Tag Archives: Financial aid

Satisfactory Academic Progress

Q: Many of the students I work with lose their financial aid because of satisfactory academic progress (SAP) requirements. Are there any forms of financial aid that are not subject to SAP?

A: While all forms of state and federal financial aid have some form of academic progress standards, some have more flexibility than others. A new law (SB 150) that will take effect on January 1, 2020 will allow students to continue to receive a Chafee ETV grant for two years before they lose eligibility because of SAP. If a student does lose eligibility there are specific criteria that qualify the student for reinstatement that are broader than those used for other forms of aid. To read more about this new law, click HERE.

In addition, the Promise Grant, which covers tuition costs at community colleges, is subject to different standards than sources such as the federal Pell grant and state CalGrant. While this varies by campus, typically the requirements are less stringent, and students can often maintain the fee waiver even when they no longer qualify for other forms of aid.

Finally, if a student does lose financial aid, they should be encouraged to appeal to have aid reinstated. This process can be cumbersome, and they may need support to navigate their college’s SAP appeal process.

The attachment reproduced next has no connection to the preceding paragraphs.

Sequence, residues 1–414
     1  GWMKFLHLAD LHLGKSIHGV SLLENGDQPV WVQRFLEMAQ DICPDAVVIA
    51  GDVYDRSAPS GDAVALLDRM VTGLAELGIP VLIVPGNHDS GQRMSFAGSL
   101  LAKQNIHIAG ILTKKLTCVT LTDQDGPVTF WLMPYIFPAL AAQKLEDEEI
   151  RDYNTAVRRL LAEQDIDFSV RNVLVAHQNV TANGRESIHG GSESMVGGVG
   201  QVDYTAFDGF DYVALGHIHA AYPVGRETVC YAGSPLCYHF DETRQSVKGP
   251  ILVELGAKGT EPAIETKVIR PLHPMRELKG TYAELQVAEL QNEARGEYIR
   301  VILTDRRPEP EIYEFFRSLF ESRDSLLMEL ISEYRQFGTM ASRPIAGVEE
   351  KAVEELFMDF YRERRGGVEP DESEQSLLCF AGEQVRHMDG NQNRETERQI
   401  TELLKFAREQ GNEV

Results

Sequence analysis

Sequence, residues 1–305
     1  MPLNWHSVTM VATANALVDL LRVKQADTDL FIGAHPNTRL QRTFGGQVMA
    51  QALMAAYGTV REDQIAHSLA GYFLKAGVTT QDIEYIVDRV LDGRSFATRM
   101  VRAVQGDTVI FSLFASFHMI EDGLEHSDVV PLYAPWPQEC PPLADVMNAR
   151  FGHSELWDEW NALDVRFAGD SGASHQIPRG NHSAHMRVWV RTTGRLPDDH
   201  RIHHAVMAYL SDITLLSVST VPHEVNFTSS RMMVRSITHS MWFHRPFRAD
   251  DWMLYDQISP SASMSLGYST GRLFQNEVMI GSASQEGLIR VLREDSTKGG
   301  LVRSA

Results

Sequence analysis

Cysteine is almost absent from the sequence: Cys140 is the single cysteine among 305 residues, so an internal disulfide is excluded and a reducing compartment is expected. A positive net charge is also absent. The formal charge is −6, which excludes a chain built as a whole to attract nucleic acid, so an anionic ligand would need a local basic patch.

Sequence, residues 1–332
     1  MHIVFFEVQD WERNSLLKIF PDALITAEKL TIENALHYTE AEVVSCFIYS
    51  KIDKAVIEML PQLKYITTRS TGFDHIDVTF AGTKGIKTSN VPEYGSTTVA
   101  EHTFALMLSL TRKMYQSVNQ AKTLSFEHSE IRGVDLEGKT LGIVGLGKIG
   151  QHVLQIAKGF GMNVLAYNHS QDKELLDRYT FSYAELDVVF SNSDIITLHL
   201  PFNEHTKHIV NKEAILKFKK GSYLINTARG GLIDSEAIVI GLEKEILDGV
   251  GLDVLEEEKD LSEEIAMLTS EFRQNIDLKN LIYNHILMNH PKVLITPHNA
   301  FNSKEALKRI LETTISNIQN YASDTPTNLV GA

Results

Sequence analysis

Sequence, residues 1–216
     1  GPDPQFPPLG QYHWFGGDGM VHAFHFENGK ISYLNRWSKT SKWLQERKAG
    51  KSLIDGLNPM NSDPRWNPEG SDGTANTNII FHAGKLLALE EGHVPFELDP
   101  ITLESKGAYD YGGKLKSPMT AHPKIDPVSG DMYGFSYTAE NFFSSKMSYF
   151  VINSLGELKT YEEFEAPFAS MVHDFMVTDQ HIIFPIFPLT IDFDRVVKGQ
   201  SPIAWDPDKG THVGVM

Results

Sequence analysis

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Burton Book Fund

Q: I am working with a former foster youth who needs financial resources to purchase his college textbooks and course materials this semester. How do I find out which campuses are participating in the Burton Book Fund this year and help him apply?

A:  The list of participating campuses for the 2019-2020 Burton Book Fund can be found HERE. If the student’s campus is participating, have him/her reach out to the campus representative listed and meet with that person to submit an application to receive a $200 Burton Book Fund. For more information about the Burton Book Fund, please visit this PAGE.

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IRS Verification of Nonfiling

Q: Last year, students who submitted a FAFSA but hadn’t filed a tax return were required to submit a “verification of nonfiling letter” from the IRS. This was a very onerous requirement and students struggled to obtain the documentation. Have there been any changes to this requirement to make it easier?

A: The Department of Education issued a notice recently outlining some changes to these requirements. According to the notice, institutions now have greater flexibility when verifying a student’s nonfiling status. The notice states that if the individual is unable to obtain verification from the IRS or other tax authorities and, based upon the institution’s determination, it has no reason to question the student’s good-faith effort to obtain the required documentation, the institution may accept a signed statement certifying that the individual attempted to obtain the verification and was unable to obtain the documentation along with W-2 forms from any source of employment income.